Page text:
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The Mountaineer Online



Official urges planning, offers resources for fiscal fitness


Amaani Lyle

American Forces Press Service

WASHINGTON – It’s important for children to learn financial life skills early on to maintain financial security and avoid woes in adulthood, a Defense Department official said.
Barbara Thompson, director of DOD’s Office of Family Policy and Children and Youth, said in an interview with American Forces Press Service and the Pentagon Channel that the department continues to encourage military Families to sidestep debt by creating a feasible spending plan and using resources that are available to them for achieving financial stability.
“It takes planning. Part of the family readiness system is making sure that Families are financially stable, and that includes … the service member, the spouse and the children,” she said. “As (children) get closer … to being independent, you want them to have life skills that (enable them) to take care of themselves financially and make sure they don’t get into debt.”
Officials encourage military Families to tap into resources such as the Military OneSource website and its Military Youth on the Move application and Jumpstart’s Reality Check. The sites, Thompson explained, offer tailored information that supports financial savvy in youths and adults.
“There’s a huge focus on children across the federal government and their financial literacy, because … we recognize that the earlier they learn, the more prepared they are for adulthood,” Thompson said.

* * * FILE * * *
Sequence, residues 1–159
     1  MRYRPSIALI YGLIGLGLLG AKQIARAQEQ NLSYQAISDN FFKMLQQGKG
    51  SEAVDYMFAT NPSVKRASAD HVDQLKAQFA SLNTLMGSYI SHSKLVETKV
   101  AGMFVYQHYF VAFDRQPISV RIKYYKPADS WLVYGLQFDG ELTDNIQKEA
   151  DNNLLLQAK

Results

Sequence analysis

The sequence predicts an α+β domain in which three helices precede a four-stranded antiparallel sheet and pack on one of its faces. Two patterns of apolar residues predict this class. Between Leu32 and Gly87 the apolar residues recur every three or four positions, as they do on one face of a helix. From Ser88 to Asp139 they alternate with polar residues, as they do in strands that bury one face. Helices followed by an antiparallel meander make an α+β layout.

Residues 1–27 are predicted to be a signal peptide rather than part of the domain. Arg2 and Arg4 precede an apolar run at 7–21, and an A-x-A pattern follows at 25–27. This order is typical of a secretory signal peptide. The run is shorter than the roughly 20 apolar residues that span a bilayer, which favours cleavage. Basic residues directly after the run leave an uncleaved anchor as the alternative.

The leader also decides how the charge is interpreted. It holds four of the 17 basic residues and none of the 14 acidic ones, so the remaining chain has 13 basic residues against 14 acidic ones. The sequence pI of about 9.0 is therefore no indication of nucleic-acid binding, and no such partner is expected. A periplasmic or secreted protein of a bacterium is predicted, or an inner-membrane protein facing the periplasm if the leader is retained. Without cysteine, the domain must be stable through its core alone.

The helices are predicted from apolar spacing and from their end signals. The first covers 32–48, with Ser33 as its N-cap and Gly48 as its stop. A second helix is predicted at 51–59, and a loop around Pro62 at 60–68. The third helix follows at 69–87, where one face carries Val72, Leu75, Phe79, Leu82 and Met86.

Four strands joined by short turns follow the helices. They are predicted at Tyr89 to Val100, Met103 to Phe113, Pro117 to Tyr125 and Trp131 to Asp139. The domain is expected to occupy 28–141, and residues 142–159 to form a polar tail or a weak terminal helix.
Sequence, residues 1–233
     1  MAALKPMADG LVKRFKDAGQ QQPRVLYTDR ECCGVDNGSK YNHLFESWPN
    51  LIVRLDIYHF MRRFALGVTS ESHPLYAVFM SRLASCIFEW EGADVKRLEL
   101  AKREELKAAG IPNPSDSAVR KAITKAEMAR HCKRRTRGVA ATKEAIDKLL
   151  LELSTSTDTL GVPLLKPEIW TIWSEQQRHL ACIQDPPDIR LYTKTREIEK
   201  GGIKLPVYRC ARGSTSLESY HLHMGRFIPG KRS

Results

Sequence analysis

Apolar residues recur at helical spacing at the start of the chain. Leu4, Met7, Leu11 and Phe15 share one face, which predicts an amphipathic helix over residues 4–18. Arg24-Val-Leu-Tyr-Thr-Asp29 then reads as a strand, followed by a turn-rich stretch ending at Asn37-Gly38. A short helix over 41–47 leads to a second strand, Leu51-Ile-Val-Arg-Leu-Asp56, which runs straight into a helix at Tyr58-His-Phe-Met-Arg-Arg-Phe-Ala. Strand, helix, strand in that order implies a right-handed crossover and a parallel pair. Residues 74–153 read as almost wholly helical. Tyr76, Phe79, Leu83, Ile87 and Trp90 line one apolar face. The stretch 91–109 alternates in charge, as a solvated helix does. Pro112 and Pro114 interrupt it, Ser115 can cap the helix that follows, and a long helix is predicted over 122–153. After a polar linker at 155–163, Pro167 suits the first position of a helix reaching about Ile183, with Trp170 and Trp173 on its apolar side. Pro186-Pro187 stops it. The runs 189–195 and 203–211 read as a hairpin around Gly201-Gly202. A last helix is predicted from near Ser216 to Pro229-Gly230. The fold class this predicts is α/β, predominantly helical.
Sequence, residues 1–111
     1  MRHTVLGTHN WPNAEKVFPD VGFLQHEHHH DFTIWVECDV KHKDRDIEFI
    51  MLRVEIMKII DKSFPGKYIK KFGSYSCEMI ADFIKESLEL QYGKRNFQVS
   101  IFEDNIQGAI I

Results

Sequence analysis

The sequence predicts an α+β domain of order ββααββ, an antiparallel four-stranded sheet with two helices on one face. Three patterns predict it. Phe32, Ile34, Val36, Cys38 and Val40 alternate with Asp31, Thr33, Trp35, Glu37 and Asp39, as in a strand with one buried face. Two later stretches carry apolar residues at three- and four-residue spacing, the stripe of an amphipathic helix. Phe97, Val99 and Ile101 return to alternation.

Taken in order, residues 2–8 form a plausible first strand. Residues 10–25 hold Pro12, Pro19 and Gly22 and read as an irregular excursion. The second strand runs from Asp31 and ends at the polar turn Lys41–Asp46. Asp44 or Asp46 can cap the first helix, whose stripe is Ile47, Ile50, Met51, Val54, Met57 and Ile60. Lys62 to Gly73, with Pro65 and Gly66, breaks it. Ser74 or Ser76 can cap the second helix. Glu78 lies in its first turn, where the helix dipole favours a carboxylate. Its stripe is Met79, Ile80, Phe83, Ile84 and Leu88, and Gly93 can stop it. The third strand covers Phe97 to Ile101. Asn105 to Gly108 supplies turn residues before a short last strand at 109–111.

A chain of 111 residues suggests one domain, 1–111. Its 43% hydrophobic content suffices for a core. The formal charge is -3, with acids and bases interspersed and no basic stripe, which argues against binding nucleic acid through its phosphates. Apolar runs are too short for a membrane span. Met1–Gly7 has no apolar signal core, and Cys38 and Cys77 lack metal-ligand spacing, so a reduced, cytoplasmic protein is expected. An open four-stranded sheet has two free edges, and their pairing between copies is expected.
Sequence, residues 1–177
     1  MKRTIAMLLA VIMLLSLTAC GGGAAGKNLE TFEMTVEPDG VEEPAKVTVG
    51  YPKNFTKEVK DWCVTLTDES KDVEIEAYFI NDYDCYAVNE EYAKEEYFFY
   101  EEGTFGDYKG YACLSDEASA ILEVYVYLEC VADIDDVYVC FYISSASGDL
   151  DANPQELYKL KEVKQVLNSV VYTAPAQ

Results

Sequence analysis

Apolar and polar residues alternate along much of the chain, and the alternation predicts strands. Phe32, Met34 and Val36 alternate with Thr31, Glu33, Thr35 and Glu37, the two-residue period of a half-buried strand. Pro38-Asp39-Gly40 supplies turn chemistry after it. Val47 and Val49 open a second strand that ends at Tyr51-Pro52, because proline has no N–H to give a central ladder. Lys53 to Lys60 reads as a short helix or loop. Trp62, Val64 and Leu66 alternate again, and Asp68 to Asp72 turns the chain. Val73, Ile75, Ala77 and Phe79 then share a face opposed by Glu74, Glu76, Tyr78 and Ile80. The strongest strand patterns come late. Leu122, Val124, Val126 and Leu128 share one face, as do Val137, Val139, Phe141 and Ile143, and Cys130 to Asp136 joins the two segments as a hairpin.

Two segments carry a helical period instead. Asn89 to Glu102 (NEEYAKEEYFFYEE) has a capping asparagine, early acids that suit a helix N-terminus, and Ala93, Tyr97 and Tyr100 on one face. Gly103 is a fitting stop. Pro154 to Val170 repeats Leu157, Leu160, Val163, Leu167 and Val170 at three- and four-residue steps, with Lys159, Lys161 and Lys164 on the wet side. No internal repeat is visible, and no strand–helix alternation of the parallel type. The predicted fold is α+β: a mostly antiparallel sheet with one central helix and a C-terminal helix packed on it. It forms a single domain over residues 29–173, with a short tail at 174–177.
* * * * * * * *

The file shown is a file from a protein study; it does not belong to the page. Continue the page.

Jumpstart visitors, for example, can download vetted, evidence-based curriculums, programs and information provided by the Federal Deposit Insurance Corp., Thompson said.
“It’s important for parents and educators to have a variety of resources, because we’re all at different stages of learning,” she added.
Parents, Thompson noted, should guide their children toward a meaningful, successful career and encourage interaction with guidance counselors, who can help children gauge their aptitude for various skill sets.
DOD child development programs also provide assistance, supporting children from birth through age 12 with field trips, math skills and money management.
In addition to parents, significant adults in children’s lives – such as teachers, ministers or youth directors – can help to convey similar messages about the importance of saving, earning and maintaining a good credit score and paying down debt.
But Thompson warned of financial pitfalls as children approach adulthood, particularly during their college years, when many people become mired in student loan debt.
“It’s important to analyze what you want to do, how you want to do it, and take advantage of the grants and scholarships that are available,” Thompson said.
Alternatively, Thompson said, senior leaders recognize that about 50 percent of military children either have decided to enter the military or are seriously considering it following high school graduation.
“So we want to make sure they’re on a sound footing when they enter their basic training,” she said. “It’s never too early to start.”





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